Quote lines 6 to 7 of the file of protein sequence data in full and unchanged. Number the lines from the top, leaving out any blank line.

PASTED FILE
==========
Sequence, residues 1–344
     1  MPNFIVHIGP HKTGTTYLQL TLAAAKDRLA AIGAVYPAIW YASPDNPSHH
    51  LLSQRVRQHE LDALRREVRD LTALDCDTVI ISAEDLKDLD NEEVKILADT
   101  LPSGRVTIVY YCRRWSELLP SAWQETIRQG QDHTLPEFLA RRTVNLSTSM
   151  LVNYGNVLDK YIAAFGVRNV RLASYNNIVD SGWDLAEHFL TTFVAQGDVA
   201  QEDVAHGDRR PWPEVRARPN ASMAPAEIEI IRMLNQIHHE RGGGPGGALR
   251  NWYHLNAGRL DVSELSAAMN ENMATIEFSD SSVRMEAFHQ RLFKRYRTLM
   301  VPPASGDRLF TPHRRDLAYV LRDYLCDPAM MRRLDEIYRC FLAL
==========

   201  QEDVAHGDRR PWPEVRARPN ASMAPAEIEI IRMLNQIHHE RGGGPGGALR
   251  NWYHLNAGRL DVSELSAAMN ENMATIEFSD SSVRMEAFHQ RLFKRYRTLM